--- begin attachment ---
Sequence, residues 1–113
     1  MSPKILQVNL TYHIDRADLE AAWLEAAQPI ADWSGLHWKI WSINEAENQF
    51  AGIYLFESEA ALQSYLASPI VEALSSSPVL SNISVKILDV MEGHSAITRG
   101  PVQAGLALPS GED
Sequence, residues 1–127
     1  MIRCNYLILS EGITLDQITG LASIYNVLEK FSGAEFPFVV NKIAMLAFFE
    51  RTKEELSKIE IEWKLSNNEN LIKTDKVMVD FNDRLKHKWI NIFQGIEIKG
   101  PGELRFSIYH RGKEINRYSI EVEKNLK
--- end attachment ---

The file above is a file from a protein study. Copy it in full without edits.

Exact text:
Sequence, residues 1–113
     1  MSPKILQVNL TYHIDRADLE AAWLEAAQPI ADWSGLHWKI WSINEAENQF
    51  AGIYLFESEA ALQSYLASPI VEALSSSPVL SNISVKILDV MEGHSAITRG
   101  PVQAGLALPS GED
Sequence, residues 1–127
     1  MIRCNYLILS EGITLDQITG LASIYNVLEK FSGAEFPFVV NKIAMLAFFE
    51  RTKEELSKIE IEWKLSNNEN LIKTDKVMVD FNDRLKHKWI NIFQGIEIKG
   101  PGELRFSIYH RGKEINRYSI EVEKNLK